The Court does find it unfair, however, to order disgorgement based on Johnson's assumed continued ownership of 17,000 Redback shares. The Court does not know whether Johnson still owns these shares. If he sold the shares, the Court does not know when he sold them or at what price. The SEC had ample opportunity to ask Johnson whether he still owned any Redback shares while Johnson was on the stand at trial.

At oral argument, the Court asked why the SEC had not questioned Johnson about these 17,000 shares at trial. The SEC replied that it was not required to try the penalty phase during the liability phase of trial. (Tr. 25.) While that may be true, the SEC could have asked the question or requested a hearing or asked for additional discovery during the penalty phase.

The Court cannot state, with a level of certainty that is fair to Johnson, that he continues to hold these shares and should disgorge profits that, to the Court, are hypothetical. The Court understands that any uncertainty in calculating disgorgement is supposed to fall on the wrongdoer, but in this case the Court finds that the SEC has not met its initial burden of persuading the Court that its approximation reflects the amount by which Johnson was unjustly enriched.*fn7 The Court orders that Johnson disgorge $1,374,441 with regard to Redback.

3. Sycamore

The SEC seeks $521,492 of disgorgement for Johnson's Sycamore violations, which consists of: $555,349 from Johnson's sale of 10,000 Sycamore shares; plus $41,143, based on the assumption that Johnson still owns 8,848 shares valued at $4.65 per share*fn8 ; minus Johnson's initial investment in Sirooco of $75,000.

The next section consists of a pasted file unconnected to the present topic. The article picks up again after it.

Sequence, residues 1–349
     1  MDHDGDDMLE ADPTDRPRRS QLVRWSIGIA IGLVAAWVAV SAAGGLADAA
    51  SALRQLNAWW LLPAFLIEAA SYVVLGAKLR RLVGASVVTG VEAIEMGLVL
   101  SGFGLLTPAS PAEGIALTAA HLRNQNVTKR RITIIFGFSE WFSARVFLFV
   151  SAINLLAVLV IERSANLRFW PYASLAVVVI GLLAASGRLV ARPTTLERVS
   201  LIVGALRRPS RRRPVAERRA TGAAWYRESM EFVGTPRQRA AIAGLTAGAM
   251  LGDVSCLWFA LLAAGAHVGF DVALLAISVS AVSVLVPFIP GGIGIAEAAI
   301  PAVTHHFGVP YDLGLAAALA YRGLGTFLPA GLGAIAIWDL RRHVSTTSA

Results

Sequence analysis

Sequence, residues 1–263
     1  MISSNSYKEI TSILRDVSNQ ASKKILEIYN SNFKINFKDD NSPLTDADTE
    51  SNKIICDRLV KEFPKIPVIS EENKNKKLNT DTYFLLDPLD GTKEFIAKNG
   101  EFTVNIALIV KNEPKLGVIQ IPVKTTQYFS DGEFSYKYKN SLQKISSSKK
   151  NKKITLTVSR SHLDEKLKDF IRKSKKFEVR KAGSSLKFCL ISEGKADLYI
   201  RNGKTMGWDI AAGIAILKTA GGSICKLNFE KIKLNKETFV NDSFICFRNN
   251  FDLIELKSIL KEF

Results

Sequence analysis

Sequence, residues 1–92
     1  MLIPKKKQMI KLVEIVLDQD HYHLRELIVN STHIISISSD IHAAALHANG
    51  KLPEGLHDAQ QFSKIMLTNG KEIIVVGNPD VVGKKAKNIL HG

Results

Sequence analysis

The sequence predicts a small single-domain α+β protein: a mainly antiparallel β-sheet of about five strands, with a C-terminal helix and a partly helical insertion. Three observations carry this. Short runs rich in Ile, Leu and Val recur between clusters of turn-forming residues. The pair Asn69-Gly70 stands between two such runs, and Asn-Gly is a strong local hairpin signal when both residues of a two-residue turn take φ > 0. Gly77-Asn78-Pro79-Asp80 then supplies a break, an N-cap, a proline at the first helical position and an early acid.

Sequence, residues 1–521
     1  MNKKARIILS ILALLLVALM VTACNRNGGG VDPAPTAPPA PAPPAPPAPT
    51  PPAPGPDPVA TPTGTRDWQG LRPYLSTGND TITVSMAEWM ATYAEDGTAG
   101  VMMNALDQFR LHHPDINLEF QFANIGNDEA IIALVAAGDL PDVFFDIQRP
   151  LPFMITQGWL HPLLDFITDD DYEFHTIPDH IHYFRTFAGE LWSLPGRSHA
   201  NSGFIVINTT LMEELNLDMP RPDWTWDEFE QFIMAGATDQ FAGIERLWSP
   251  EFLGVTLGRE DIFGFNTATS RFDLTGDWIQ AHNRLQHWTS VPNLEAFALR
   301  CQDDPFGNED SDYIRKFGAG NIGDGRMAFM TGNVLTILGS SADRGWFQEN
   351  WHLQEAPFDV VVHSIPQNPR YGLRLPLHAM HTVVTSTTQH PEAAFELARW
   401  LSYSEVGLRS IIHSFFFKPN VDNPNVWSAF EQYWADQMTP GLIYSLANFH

Johnson makes the same arguments with regard to Sycamore that he made with regard to Redback. The Court, in turn, relies on its previous disposition of these arguments in the Redback section above. Accordingly, the Court subtracts the $41,143 for the Sycamore stock the SEC assumes Johnson owns. The Court orders Johnson to disgorge $480,349 with regard to Sycamore.

Adding together the disgorgement amounts set forth above for Corvis, Redback, and Sycamore, the Court orders disgorgement in the total amount of $1,868,796 plus prejudgment interest thereon. See SEC v. Warde, 151 F.3d 42, 50 (2d Cir. 2d Cir. 1998). As stated previously, the Final Judgment is annexed to this decision.

C. Civil Penalties

The Court has authority to impose monetary penalties under 15 U.S.C. § 78u(d)(3)(A) (2006). Under this section, "the court shall have jurisdiction to impose, upon a proper showing, a civil penalty to be paid by the person who committed such violation." Three different tiers of penalties apply, depending on the nature of the misconduct at issue. Only tiers 2 and 3 are at issue here.

Tier 2 specifies that: the amount of penalty for each such violation shall not exceed the greater of (I) $50,000 for a natural person or $250,000 for any other person, or (II) the gross amount of pecuniary gain to such defendant as a result of the violation, if the violation . . . . involved fraud, deceit, manipulation, or deliberate or reckless disregard of a regulatory requirement. 78u(d)(3)(A)(b)(ii) (emphasis added). The $50,000 penalty has been adjusted for inflation to $55,000. 17 C.F.R. 201.1001 (1996).